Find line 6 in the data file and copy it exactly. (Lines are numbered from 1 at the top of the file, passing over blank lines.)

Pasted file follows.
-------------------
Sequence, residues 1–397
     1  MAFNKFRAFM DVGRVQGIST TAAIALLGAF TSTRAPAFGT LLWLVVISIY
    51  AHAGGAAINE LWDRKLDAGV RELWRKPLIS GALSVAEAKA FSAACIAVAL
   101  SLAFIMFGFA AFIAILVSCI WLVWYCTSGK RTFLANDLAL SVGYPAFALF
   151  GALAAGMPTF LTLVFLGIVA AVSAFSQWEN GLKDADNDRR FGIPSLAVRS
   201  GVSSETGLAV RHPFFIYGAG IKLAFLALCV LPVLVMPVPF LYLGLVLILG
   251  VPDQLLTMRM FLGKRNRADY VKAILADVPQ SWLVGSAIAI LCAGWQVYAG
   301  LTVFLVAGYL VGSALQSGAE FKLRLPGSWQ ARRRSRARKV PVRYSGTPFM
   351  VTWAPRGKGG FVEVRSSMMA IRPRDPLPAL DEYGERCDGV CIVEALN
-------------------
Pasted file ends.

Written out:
   201  GVSSETGLAV RHPFFIYGAG IKLAFLALCV LPVLVMPVPF LYLGLVLILG